Football hasn’t quite been the same since June 2000.
With Luis Figo’s world record €62m move from Real Madrid to Barcelona, the fee alone had a seismic impact – as did the near civil-war he instigated between the El Clasico giants – as Barça fans spat fire every time a Figo-led Real entered the pitch at Camp Nou.
More significant than all of that, however, was what it represented. The contentious, maniacal signing was the perfect pace-setter for Florentino Perez’s first reign of madness, and kick-started an era where branding would come to define football.
The sport’s marketing potential had of course already been laid bare by Sky Sports’ record-breaking TV deal in England, while UEFA’s decision to morph the European Cup into the Champions League – logo, colours, theme tune and all – underlined the benefits of a recognisable identity, even for a competition which could already boast immense prestige.
With the signing of Figo, however, Perez’s Galacticos took these principles to a new level, and immediately shot to fame as the notorious face of a new footballing landscape.
Real’s approach, spending big at virtually every turn, came with an avalanche of criticism. Viewed as unsporting and unsustainable, they were at least unapologetic as they went on to break the world record transfer fee four times in less than ten years. From the signing of Figo, through to the signings of Zinedine Zidane, Kaka, and Cristiano Ronaldo, Real held the transfer record for 17 unbroken years, and 20 years on from Perez’s arrival, their spending power is only just now being matched.
Perez’s balls-to-the-wall approach was by no means universally backed even within his own club. His attempts to interfere with management to ensure his Galacticos made the team led to the departure of two-time Champions League winner Vicente del Bosque, while Claude Makelele called time soon after, citing Perez’s refusal to raise his salary. The owner was famously more interested in his attacking stars; defensive-minded players were not as fashionable.
2000 – Luis Figo (Barcelona) – €60m
2001 – Zinedine Zidane (Juventus) – €73.5m
2002 – Ronaldo (Inter) – €45m
2003 – David Beckham (Man Utd) – €37.5m
2004 – Michael Owen (Liverpool) – €9m
2005 – Robinho (Santos) – €24m
2005 – Sergio Ramos (Sevilla) – €27m
2006 – Fabio Cannavaro (Juventus) – €7m
2006 – Ruud van Nistelrooy (Manchester United) – €14m
This brand-focused philosophy was later derided by Steve McManaman, who was himself a pre-Galactico shortly before Perez had acquired the club. ‘Macca’ helped the club win the Champions League just before the Galactico era took hold, and would describe what followed as the ‘Disneyfication of Real Madrid’ – hinting that the club had become a cartoon parody of itself.
It was a view that would later be vindicated, at least partially, when Perez stepped down from the club in 2006. Two La Liga titles and a Champions League within three years of his arrival proved to be something of a false dawn, and his first quadrangle of major signings all headed off for pastures new. Beckham joined LA Galaxy after Figo, Zidane and Ronaldo had called time, and after Perez stepped down, a period of sanity and stability – at least relatively – followed.
Sanity and stability, however, were not what Real, who had become accustomed to being the centre of attention, were used to. When it became apparent that it Perez’s outlandish spending was not the great hindrance it was perceived to have become, over the next three years there was a growing clamour for a second Galactico era. That was something that Perez’s successor Ramón Calderón couldn’t deliver, and by 2009 – with the help of some corruption allegations – he had stepped down.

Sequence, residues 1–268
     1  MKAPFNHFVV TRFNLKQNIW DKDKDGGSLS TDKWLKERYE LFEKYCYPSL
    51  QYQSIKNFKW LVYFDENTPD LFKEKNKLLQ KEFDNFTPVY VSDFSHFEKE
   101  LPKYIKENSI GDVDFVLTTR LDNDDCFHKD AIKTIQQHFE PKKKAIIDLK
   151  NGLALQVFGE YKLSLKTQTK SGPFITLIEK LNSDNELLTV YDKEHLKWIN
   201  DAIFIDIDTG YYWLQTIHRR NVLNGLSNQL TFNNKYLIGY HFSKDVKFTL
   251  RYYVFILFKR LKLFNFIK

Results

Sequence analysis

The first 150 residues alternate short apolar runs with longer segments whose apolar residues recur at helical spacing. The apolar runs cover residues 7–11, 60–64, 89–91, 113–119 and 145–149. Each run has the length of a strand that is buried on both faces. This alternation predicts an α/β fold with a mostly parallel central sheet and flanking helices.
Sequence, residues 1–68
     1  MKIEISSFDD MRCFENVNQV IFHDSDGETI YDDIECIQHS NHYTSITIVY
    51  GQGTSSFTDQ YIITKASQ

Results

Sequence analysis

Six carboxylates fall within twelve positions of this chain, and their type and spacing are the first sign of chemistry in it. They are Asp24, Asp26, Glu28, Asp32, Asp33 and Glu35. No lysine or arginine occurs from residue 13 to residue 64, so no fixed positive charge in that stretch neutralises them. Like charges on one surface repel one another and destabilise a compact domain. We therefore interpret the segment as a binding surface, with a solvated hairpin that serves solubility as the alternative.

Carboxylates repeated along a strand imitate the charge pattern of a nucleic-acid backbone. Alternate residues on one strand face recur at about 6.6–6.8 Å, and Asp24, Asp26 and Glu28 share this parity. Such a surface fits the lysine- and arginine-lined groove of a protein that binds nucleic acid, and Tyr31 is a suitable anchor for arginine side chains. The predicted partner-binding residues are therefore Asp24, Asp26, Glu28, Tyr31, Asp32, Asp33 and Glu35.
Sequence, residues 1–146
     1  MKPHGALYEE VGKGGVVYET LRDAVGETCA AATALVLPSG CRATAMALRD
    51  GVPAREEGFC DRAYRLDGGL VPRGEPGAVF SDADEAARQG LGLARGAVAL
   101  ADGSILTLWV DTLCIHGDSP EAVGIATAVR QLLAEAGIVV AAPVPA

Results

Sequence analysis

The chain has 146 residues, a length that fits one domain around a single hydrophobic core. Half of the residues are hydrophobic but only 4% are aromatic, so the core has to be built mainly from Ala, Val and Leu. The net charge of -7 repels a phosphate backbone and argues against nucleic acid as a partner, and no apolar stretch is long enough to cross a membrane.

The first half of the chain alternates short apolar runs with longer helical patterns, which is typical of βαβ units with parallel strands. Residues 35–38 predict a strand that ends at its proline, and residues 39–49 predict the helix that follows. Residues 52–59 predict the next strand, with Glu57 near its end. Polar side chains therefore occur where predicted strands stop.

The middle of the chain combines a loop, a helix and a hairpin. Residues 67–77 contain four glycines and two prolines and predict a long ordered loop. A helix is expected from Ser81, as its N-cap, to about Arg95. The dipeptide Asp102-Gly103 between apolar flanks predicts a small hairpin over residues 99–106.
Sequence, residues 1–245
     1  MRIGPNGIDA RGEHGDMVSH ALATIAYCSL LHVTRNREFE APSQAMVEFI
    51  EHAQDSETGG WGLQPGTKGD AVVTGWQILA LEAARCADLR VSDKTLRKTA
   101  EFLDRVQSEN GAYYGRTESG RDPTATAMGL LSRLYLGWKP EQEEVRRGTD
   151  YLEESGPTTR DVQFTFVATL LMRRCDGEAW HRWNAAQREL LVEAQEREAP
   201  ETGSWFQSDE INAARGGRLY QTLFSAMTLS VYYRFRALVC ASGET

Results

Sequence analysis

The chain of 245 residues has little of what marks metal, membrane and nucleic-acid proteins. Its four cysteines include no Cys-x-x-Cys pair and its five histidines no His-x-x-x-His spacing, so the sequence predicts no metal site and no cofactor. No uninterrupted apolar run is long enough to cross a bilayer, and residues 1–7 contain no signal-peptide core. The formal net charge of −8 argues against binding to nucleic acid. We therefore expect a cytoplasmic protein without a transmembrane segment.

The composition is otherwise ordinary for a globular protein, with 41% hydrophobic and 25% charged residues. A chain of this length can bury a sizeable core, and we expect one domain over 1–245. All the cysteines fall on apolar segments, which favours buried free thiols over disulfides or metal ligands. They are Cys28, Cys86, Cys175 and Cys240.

We’ll give you three guesses as to who was re-elected, and the first two don’t count.
Perez was not messing about upon taking the reins for a second period. Within a month of arriving, he’d already broken the world transfer record twice: once to land Kaka from AC Milan, and then again to sign one Cristiano Ronaldo. The £80m spent on the latter was so significant that it would stand for eight years; the longest run for a record since Bernabe Ferreyra’s £23,000 move to River Plate in 1932.
Where the second era differed from the first was in its balance; where Perez previously put his high-profile attackers above all else, he was now more willing to trust his manager with the purse strings, and the result was the building of a formidable, carefully measured group.
2009 – Kaka (Milan) – €67m
2009 – Karim Benzema (Lyon) – €30m
2009 – Cristiano Ronaldo (Man Utd) – €94m
2009 – Xabi Alonso (Liverpool) – €34.5m
2010 – Angel Di Maria (Benfica) – €24m
2012 – Luka Modric (Spurs) – £32m
2013 – Gareth Bale (Spurs) – €100m
2014 – Toni Kroos (Bayern) – €24m
2014 – James Rodriguez (Monaco) – €76m
The first Galactico era may have failed to sustain its early success, but this one did not. It had its ups and downs, of course, but whether it’s been José Mourinho, Carlo Ancelotti, or Zidane in the hotseat, success has never been far round the corner.
The 2018 Champions League win was in many ways the Endgame of Perez’s cinematic universe; Sergio Ramos, Karim Benzema, Toni Kroos, Luka Modric and Gareth Bale came together to secure the trophy for a third straight year, proving that spending big – however risky and controversial – can, in the right circumstances, be the way forward.
Much has been said of Real since the term Galactico, in its modern definition, was first used back at the turn of the century. 20 years on, however, they are the richest club in the world, not owing to Perez’s individual wealth, but to the immense branding and marketing revenue that has come as a result of his obsession with big-name signings.
And while they may not have won as many trophies as many hoped (or feared), Perez’s presidency has earned them five Champions Leagues, and just ousted Barcelona for its seventh La Liga. Whichever way you spin it, that’s no failure.